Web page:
The past several years have been a roller coaster ride for Biglaw. First came the ups and many, many downs of COVID in 2020, followed by 2021’s “post”-COVID land of riches, including raises for associates coupled with a booming lateral market. Then came 2022, a time when law firms were coming off the highs of the year that was and realizing that what goes up — in this case, their revenue — was likely going to come down thanks to geopolitical turmoil, inflation, a possible recession, and ever-rising interest rates.
Today, the American Lawyer released its Am Law 100 law firm rankings — a closely watched list of the elite, prestigious, and highly influential law firms that represent the very best of what the legal profession has to offer. The highlights from the report reveal a mixed bag for the top Biglaw firms in the nation, with more than half of them seeing revenue percentage declines (59 firms in all). Compare this to 2021, when every single firm on the Am Law 100 had an increase in gross revenue over 2020.
While some firms came out on top, others were merely surviving. How did the Am Law 100 stack up?
Here’s an overview of how Biglaw’s best performed in 2022:
- Gross revenue: $131 billion, up by 2.7%
- Average revenue per lawyer: $1.15 million, down by 1.9%
- Average profits per equity partner: $2.56 million, down by 3.7%
How did we get here? Blame deal work, or the lack thereof. From Am Law:
“Transactional practices softened for many firms,” longtime legal consultant at Zeughauser Group, Kent Zimmermann, says. “As early as the spring of 2022, and for other firms later in the year. Firms where their practice mix is heavily weighted towards transactional sales, those slowed down the most, with some excellent firms that missed their budget last year for the first time in years.”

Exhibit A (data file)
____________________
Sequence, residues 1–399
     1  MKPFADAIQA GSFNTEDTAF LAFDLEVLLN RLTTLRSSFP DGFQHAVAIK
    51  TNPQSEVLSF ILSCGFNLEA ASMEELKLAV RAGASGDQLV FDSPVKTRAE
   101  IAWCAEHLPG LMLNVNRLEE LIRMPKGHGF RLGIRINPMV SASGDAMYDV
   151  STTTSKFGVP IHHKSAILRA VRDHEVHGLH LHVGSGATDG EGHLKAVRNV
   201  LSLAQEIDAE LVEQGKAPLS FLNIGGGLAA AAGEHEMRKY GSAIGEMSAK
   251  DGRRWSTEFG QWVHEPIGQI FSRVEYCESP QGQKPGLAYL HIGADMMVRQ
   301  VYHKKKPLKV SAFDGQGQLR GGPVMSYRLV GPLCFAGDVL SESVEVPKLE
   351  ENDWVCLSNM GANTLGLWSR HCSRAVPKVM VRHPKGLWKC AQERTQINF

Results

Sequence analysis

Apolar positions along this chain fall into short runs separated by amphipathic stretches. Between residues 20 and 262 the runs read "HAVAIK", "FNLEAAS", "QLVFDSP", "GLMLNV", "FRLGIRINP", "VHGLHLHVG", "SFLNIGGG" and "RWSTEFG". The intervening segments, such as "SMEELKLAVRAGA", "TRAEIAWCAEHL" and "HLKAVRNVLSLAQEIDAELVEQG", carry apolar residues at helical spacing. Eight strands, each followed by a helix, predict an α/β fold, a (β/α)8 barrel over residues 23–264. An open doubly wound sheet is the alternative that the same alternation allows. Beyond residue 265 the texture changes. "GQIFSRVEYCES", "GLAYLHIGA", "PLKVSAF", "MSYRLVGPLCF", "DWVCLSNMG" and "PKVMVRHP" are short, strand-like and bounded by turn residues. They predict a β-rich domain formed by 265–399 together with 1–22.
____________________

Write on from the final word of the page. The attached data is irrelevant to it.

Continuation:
The slowdown in deal work from 2021 was expected, and in some cases welcome, after a banner but exhausting year.
In order to handle that work, many firms brought on more talent (hence the increased headcount in a down revenue year for most firms) in 2021 and are still on the hook for compensating those additional bodies.
And when the work dried up, the firms felt it in their profitability numbers.
Now, the moment you’ve been waiting for: the top 10 firms in the gross revenue rankings, and the top five firms for the RPL and PPP rankings.
The top 10 firms by gross revenue appear below, with Kirkland remaining the kind of cash in the top spot for the sixth year in a row. The full Am Law 100 gross revenue chart can be found here.
- Kirkland: $6.514B (no change)
- Latham: $5.321B (no change)
- DLA Piper: $3.685B (no change)
- Baker McKenzie: $3.300B (no change)
- Skadden: $3.020B (no change)
- Sidley: $3.922B (+1)
- White & Case: $2.282B (-1)
- Morgan Lewis: $2.745B (+2)
- Gibson Dunn: $2.736B (+2)
- Ropes & Gray: $2.718B (+2)
Revenue Per Lawyer
As for RPL, which provides a relatively accurate picture of a firm’s overall financial well-being, we’ve got five big name players strutting their stuff. As noted by Am Law, RPL “took a tumble” in 2022. The full Am Law 100 revenue per lawyer chart can be found here.
- Wachtell: $3.54M
- Sullivan & Cromwell: $2.14M
- Cravath: $1.96M
- Kirkland: $1.90M
- Paul Weiss: $1.88M
Profits Per Partner
This is where all of the magic happens. We can see that Kirkland finally knocked Wachtell out of the top spot on this list. The full Am Law 100 profits per partner chart can be found here.
- Kirkland: $7.51M
- Wachtell: $7.29M
- Sullivan & Cromwell: $5.98M
- Paul Weiss: $5.72M
- Davis Polk: $5.55M
We will undoubtedly have even more to say as we dig into these numbers. But what’s clear is Biglaw had a a difficult year, and 2023 is looking rough as well. Best of luck to those who are able to stick it out.
A Step Back, But Still Ahead? An Analysis of The 2023 Am Law 100 [American Lawyer]
The 2023 Am Law 100: Ranked by Gross Revenue [American Lawyer]
The 2023 Am Law 100: Ranked by Revenue Per Lawyer [American Lawyer]
The 2023 Am Law 100: Ranked by Profits Per Equity Partner [American Lawyer]
Staci Zaretsky is a senior editor at Above the Law, where she’s worked since 2011. She’d love to hear from you, so please feel free to email her with any tips, questions, comments, or critiques. You can follow her on Twitter or connect with her on LinkedIn.
Leave a Reply